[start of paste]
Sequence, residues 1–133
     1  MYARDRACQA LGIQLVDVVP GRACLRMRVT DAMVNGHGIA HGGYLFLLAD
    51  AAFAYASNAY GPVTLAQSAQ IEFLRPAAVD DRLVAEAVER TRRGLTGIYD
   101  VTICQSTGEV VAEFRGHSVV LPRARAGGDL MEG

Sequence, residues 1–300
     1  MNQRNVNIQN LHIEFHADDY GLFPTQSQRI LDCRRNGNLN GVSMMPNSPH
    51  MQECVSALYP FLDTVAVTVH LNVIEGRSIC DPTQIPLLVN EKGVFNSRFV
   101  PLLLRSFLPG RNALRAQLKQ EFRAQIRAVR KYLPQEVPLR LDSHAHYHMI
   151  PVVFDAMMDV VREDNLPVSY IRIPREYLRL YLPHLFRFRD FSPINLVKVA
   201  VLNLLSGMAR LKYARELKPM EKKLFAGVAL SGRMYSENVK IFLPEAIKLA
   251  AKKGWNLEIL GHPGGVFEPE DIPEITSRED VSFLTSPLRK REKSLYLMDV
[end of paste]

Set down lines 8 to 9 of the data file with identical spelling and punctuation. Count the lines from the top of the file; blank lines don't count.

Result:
   101  PLLLRSFLPG RNALRAQLKQ EFRAQIRAVR KYLPQEVPLR LDSHAHYHMI
   151  PVVFDAMMDV VREDNLPVSY IRIPREYLRL YLPHLFRFRD FSPINLVKVA